13. ThomasD

    ThomasD Member

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    #13 ThomasD, Jun 17, 2020
    Last edited: Jun 17, 2020
    Not to mention you will have to periodically drain the tanks if they still have air in them to prevent corrosion in the tank. These tanks are nothing to play around with Watch at the 1:30 mark
     
  14. ThomasD

    ThomasD Member

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    #14 ThomasD, Jun 17, 2020
    Last edited: Jun 17, 2020
    You will have to have some sort of dryer system to keep moisture out of the lines If the valve becomes damaged it can turn the cylinder into a missile. There is no way Tesla will take on the liability of this setup
     
  15. Kevy Baby

    Kevy Baby Dis-Member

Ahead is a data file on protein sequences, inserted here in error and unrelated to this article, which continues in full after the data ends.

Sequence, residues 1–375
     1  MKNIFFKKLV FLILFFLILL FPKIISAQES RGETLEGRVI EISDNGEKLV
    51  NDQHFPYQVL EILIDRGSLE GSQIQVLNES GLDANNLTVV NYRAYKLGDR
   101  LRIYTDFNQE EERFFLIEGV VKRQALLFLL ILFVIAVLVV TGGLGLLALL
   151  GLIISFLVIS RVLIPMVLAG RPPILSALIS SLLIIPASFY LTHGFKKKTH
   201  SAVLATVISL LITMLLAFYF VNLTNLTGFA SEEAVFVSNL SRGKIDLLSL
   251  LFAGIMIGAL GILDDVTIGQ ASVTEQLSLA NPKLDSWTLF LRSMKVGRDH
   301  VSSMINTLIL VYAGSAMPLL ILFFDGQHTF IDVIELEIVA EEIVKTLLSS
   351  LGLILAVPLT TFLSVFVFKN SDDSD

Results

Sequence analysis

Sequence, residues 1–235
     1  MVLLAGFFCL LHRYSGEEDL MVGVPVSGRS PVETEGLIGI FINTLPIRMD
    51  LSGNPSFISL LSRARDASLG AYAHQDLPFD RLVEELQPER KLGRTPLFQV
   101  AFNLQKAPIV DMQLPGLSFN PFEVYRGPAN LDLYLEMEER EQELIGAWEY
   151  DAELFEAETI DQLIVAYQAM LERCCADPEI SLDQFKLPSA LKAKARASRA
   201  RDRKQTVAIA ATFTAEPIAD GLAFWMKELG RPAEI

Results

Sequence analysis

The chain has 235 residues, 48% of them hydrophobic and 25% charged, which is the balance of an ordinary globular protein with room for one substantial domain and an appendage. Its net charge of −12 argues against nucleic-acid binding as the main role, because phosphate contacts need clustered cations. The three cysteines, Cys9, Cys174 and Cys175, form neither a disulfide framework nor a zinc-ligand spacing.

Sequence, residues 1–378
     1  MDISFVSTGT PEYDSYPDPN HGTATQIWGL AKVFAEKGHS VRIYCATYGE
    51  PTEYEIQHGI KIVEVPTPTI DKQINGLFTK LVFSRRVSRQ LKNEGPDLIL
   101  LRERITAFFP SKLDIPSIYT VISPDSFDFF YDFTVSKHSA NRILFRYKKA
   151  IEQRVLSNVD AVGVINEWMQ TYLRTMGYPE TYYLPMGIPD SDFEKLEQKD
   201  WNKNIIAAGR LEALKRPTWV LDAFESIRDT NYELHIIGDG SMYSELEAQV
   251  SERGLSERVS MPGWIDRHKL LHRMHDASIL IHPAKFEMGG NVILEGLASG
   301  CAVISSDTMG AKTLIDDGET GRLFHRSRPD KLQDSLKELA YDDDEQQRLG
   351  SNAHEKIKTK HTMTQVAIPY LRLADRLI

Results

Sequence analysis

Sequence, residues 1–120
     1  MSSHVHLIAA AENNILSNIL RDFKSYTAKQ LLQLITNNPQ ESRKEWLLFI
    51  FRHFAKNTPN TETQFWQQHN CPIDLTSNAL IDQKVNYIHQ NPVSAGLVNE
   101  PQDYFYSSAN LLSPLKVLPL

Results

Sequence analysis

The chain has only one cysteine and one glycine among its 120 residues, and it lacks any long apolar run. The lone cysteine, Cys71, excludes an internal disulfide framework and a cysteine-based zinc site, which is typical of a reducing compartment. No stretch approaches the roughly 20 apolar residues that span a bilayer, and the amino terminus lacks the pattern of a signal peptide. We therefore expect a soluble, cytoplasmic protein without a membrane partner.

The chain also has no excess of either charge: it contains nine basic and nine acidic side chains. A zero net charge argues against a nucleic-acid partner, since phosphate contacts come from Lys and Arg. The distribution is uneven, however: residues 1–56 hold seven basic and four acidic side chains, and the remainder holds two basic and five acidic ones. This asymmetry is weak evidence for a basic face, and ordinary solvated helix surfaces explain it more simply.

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    How is there a weight to air?

    Not trying to be facetious; I am seriously confused by this.
     
  16. mongo

    mongo Well-Known Member

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    Air has mass, just like all matter. 1.225 kg/m^3 (.0765 lb/ ft^3) at 15C sea level.


     
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  17. mongo

    mongo Well-Known Member

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    Not tied to drive unit, uses additional motor.
    Elon's Tweet on the subject:
    Twitter
     
  18. VegasBlue

    VegasBlue Member

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    First of all, I was quite impressed by the physicist's video. Quite level headed and sensible from a mathematical point of view, given the limited information we know.